A snowstorm is sweeping much of the nation this week. Luckily I’m not traveling this week during the extreme cold, but with the holidays behind us I know many of you are back in the saddle. Winter weather travel is much different from the other seasons. Carry-ons get heavier, flight cancellations spike, and getting from one place to another seems to always take longer. Here are some things to consider when traveling during winter weather.
Wear layers. Two thin layers are just as warm but take up way less space than something thick. That being said, you will still likely need heavier clothing than other seasons so be prepared for a heavier carry-on. For more packing advice, check out my post about surviving a winter business trip.
Bring a good coat and plan to carry it on. I have two winter coats—a wool one (see here) and a puffy one (see here). The wool one is usually enough until it starts snowing or get below twenty. For really cold temps I always bring my puffy coat. If you can squeeze it into your suitcase, great, but chances are you will have to carry it on. Etiquette tip: Either put your coat on top of your suitcase or wait until everyone has put their bags in the overhead bin before putting your jacket up there.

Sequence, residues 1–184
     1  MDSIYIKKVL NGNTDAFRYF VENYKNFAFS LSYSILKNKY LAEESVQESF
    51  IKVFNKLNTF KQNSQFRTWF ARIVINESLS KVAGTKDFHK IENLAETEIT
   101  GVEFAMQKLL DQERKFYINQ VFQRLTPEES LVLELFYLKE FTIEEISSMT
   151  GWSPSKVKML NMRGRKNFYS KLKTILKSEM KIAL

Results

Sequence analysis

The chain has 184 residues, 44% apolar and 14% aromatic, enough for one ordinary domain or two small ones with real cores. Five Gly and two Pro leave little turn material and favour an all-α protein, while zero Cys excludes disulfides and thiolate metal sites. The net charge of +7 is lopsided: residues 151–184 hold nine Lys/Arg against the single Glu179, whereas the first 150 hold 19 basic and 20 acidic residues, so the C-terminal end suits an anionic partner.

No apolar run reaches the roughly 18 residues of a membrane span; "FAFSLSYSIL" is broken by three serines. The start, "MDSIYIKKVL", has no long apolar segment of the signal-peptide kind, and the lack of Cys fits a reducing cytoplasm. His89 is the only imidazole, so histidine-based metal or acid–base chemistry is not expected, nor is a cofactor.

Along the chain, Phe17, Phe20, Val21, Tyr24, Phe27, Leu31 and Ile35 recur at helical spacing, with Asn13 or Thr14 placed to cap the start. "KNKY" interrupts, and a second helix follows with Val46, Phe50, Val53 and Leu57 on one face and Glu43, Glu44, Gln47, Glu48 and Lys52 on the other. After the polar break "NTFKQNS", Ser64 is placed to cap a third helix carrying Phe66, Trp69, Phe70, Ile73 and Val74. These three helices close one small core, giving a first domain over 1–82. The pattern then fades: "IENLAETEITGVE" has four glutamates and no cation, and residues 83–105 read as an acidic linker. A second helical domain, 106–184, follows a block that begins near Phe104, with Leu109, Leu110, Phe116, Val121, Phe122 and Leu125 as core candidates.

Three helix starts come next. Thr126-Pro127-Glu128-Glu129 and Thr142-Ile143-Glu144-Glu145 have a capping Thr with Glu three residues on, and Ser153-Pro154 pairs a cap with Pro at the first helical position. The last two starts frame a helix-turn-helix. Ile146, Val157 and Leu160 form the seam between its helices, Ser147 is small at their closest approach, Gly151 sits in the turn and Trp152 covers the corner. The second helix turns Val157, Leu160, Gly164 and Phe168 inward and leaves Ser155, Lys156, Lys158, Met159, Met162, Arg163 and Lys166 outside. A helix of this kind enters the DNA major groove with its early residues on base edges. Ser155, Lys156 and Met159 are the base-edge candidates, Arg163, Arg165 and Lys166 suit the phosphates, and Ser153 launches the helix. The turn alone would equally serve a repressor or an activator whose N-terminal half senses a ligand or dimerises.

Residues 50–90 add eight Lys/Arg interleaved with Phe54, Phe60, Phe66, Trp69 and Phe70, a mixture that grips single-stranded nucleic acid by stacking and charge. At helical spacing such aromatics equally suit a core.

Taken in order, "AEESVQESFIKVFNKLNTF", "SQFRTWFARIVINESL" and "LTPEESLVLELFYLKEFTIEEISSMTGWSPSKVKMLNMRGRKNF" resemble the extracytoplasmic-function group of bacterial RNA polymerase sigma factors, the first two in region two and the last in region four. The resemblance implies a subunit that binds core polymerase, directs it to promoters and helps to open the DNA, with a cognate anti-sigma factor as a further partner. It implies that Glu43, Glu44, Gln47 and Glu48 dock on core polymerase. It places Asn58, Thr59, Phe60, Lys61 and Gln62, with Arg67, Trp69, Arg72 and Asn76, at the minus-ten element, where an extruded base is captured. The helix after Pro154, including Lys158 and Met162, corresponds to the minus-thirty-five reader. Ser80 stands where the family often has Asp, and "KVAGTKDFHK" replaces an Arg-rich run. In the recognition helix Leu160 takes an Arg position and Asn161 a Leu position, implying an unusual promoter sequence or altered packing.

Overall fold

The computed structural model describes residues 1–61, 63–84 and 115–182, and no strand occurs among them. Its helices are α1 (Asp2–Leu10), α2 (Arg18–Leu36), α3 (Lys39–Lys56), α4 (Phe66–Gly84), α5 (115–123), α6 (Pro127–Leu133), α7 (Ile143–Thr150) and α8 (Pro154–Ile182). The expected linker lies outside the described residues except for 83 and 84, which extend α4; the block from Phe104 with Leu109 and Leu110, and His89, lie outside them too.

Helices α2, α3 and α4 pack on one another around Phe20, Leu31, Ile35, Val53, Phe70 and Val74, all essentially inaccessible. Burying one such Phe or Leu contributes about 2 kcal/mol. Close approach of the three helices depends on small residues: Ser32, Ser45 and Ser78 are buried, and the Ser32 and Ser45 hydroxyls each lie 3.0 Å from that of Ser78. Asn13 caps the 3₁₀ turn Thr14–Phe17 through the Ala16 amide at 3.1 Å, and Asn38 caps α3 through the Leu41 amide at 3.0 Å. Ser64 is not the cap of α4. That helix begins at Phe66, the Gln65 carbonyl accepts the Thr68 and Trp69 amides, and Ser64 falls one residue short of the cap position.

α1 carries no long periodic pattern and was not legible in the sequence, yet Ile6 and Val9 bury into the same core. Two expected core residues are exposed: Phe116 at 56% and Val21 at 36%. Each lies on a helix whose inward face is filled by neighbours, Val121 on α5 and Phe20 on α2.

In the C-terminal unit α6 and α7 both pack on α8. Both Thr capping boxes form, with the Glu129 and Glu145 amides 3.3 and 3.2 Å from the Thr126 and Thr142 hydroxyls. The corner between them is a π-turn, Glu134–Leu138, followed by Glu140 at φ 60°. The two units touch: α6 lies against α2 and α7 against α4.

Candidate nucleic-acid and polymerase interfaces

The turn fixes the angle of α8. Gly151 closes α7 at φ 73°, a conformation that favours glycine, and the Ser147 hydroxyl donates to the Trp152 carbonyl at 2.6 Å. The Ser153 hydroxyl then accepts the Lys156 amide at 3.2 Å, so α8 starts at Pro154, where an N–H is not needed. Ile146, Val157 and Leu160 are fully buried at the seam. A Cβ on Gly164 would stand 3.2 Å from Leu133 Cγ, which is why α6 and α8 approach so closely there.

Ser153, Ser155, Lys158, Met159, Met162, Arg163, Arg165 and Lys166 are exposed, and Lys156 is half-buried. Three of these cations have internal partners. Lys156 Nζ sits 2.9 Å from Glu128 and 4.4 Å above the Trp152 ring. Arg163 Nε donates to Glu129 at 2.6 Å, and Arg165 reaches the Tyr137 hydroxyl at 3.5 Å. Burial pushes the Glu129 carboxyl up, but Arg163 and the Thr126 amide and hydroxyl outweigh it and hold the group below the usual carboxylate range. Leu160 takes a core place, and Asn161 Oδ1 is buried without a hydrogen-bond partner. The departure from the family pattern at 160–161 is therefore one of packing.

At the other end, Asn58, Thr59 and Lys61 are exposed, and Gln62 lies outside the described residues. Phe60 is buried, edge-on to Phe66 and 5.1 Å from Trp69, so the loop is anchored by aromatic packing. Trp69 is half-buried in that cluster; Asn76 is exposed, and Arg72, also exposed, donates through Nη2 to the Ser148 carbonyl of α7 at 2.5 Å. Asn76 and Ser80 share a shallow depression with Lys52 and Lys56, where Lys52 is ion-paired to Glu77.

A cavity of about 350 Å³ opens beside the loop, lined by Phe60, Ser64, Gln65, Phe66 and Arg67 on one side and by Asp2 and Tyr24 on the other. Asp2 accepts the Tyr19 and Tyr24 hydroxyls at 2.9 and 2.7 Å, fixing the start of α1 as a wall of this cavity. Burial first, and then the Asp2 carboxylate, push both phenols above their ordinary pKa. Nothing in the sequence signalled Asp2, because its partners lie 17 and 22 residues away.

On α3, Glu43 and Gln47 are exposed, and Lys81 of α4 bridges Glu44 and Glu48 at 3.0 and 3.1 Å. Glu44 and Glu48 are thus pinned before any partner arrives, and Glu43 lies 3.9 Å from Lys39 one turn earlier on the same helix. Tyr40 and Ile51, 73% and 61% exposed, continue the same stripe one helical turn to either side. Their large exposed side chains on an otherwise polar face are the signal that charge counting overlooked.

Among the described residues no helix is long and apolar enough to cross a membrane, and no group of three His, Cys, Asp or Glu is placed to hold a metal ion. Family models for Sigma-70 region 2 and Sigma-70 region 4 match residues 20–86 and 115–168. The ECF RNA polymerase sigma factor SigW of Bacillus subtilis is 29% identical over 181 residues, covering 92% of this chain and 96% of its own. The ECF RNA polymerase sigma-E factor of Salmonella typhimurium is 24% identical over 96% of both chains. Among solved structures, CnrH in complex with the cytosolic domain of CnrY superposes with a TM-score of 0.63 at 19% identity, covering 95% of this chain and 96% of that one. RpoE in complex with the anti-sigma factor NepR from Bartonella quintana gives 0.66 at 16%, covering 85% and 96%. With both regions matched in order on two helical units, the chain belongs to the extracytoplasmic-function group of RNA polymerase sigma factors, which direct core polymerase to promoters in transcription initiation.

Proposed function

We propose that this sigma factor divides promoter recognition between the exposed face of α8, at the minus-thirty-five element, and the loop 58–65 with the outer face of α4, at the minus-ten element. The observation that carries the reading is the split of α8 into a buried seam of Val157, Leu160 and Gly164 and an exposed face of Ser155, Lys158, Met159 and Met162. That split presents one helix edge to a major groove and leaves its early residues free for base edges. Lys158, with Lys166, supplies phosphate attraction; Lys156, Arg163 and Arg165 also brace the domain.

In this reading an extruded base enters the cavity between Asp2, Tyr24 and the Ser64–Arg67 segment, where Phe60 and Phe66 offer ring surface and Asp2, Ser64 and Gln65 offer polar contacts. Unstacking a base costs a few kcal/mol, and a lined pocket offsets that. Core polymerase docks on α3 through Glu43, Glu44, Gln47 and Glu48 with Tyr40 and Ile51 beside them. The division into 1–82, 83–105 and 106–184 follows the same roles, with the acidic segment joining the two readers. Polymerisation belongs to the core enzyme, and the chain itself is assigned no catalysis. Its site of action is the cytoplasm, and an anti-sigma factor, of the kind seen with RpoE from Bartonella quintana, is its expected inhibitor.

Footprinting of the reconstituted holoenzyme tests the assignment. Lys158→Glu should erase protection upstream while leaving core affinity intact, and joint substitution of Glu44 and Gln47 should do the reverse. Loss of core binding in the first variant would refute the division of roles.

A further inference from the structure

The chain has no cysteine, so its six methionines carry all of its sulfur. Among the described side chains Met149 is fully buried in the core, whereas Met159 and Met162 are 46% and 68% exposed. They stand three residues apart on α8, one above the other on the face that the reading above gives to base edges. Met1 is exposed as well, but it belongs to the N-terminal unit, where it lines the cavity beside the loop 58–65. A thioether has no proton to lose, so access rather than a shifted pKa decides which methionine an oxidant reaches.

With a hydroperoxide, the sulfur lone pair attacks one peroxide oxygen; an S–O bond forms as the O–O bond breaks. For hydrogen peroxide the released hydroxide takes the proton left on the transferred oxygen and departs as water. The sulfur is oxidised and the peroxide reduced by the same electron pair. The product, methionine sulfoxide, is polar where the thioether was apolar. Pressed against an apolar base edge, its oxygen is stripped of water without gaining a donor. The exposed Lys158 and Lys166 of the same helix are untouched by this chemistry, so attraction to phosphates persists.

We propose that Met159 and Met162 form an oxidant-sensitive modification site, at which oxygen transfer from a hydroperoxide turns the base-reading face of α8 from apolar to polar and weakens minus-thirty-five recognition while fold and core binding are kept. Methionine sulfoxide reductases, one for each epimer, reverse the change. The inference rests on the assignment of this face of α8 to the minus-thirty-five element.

Plan for extra drive time. Wintry precipitation can lead to lots of traffic delays. Pad your schedule a bit so you won’t stress if your commute takes extra time.
Have a plan B in case your flight is canceled or delayed. Delays and cancellations are inevitable this time of year. Make sure you have a back-up plan in case you can’t get to your destination as scheduled.
Prepare time for defrost. Consider bringing an ice scraper—most rental car companies have them but not always! Make sure the thick layer of ice on top of your car is removed after defrosting so it doesn’t fly off your car while you drive. (Here are more tips for scraping ice off your car from Popular Mechanics.)
Readers, what do you think is important to remember during winter weather travel?
Written by Sarah, Road Warriorette offers advice, observations, and insight to women who travel for work, for fun or those who would like to travel more. Written by a professional woman who has spent her career on the road, Road Warriorette hopes to make travel smoother, easier and less stressful for everyone.